International casino operator Hard Rock International Inc has given further detail on its proposal to develop a casino resort in the city of Tomakomai, on the Japanese island of Hokkaido, the latter a popular destination for international tourists.
Hard Rock said that “key elements” of its project (pictured in an artist’s rendering) included: monorail access to the property from the nearby Chitose International Airport; a guitar-shaped hotel tower based on Hard Rock’s signature branding; a Four Seasons hotel; a Hard Rock Live entertainment venue; multipurpose “Broadway-style” theatres, a centre focused on health and well-being; and more than 215,000 square feet (19,974 sq metres) of retail and dining space.
It added: “The new design also features an authentic Ainu village experience, designed to help raise awareness for the local indigenous Ainu people.”
The firm also announced a number of partnerships for its proposed casino resort in Hokkaido, including with American professional baseball team the New York Yankees and with Nederlander Worldwide Entertainment LLC. The latter is a U.S.-based entertainment company that manages theatres and presents Broadway-style productions in international markets.
In addition, Hard Rock said it would bring the “latest facial recognition and security services” to its project in Hokkaido, in partnership with Japanese technology provider NEC Corp.
The property would also feature a “Music Rock-n-Roll Hall of Fame”, aiming to “bring praise and awareness to the musical accomplishments of Japanese, Asian and global artists”.
“We are extremely excited about the prospect of introducing our Hard Rock family to the people of Hokkaido, Japan with this world-class entertainment resort,” Hard Rock’s chairman and chief executive Jim Allen said in a prepared statement included in a company press release.
He added: “It will not only bring economic benefits to the local community, but also act as a gateway to learn more about the wonderful heritage of Japan and all that it has to offer.”
Hard Rock has signalled its interest in developing a casino resort in Tomakomai at least since June last year. The firm however faces tough competition, as several other casino resort operators and investors have also expressed interest in pursuing a casino resort project on Hokkaido.
Hokkaido promotional event
Hard Rock unveiled the latest details on its Tomakomai project during the two-day “Hokkaido IR Showcase”, discussing the region’s potential to host a casino project. The event took place last week and featured representatives from several U.S.-based gaming operators, including Caesars Entertainment Corp and U.S. regional tribal casino operator Mohegan Tribal Gaming Authority, known as Mohegan Sun. Macau-based Melco Resorts and Entertainment Ltd and SJM Holdings Ltd were also among the casino operators making presentations at the event.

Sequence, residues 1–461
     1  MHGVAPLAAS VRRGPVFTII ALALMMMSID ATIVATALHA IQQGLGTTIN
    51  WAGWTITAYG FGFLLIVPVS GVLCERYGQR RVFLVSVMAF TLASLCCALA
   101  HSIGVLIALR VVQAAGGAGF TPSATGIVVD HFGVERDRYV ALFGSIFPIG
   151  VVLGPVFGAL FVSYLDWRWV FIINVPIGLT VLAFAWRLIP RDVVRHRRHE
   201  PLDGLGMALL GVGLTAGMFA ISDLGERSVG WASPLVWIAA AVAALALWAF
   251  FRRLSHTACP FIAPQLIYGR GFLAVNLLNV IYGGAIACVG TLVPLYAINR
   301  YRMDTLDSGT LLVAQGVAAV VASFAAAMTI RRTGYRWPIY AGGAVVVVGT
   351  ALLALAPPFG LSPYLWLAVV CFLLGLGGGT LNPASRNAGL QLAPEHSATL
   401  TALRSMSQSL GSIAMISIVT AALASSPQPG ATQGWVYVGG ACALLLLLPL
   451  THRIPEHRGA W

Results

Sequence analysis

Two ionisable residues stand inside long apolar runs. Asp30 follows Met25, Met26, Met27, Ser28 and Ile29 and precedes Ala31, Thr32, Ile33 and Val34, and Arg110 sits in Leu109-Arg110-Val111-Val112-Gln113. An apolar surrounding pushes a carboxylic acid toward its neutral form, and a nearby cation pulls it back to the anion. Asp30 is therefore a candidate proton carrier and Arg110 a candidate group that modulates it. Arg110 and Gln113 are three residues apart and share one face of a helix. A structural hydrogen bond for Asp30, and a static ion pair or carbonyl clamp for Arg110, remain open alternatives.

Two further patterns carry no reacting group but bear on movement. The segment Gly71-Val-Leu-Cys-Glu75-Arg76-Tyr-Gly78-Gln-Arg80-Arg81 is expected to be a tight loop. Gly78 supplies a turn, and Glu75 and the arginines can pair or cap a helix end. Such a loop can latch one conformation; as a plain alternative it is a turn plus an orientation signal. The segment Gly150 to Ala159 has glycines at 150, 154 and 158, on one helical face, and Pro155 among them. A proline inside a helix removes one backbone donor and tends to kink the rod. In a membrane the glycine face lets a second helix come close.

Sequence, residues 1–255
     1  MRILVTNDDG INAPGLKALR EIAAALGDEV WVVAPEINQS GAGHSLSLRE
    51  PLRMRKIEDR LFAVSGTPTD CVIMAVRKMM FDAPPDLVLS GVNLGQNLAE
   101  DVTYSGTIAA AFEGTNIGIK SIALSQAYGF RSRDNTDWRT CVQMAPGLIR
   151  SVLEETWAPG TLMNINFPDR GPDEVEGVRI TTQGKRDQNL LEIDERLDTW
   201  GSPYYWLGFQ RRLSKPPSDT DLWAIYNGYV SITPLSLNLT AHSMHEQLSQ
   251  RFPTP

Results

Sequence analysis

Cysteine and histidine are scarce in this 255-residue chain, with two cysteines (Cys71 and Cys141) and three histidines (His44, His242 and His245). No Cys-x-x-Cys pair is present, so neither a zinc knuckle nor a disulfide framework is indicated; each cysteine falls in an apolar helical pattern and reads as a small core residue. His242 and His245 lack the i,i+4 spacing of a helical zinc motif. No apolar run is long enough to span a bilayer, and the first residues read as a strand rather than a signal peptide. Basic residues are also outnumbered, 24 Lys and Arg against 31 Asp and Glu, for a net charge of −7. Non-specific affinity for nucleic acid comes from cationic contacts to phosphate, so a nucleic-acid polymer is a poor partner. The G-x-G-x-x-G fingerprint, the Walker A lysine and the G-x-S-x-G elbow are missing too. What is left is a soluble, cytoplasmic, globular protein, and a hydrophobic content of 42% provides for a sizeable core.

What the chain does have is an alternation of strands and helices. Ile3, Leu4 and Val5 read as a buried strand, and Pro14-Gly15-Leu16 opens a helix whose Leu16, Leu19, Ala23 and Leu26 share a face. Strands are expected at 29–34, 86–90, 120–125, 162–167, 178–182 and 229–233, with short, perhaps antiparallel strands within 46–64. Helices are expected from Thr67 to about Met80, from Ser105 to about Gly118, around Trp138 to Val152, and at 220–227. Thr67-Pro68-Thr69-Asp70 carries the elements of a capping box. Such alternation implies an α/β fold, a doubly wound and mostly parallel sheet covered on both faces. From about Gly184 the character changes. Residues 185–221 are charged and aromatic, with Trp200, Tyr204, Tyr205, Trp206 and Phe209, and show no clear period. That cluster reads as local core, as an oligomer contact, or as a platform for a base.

Hard Rock has been investing in building up its public profile in Hokkaido. The company has announced it will participate in the upcoming Sapporo Snow Festival, which is celebrating its 70th anniversary this year. Hard Rock said it was developing “a massive snow sculpture, towering over four stories and showcasing famous Japanese animated rock star Hatsune Miku” to be showcased at the 2019 event.
The firm is also sponsoring the Hokkaido Consadole Sapporo Professional Soccer Club. During his visit to Hokkaido last week, Mr Allen contributed a personal check of US$100,000 to the soccer team’s Hokkaido Earthquake Charitable Relief Fund, which provides aid to Hokkaido residents affected by a September earthquake, stated the Hard Rock press release.
Several major global gaming operators have affirmed their respective interest in developing a casino resort in Japan. A number of industry executives expect the first casino licences to be issued in around the year 2020, with the first resorts to open for operation in circa 2025.
Up to three casino projects will be permitted at yet-to-be determined locations across the country under a first wave of casino liberalisation. Hokkaido has consistently been mentioned as a potential location for one of Japan’s first such venues.
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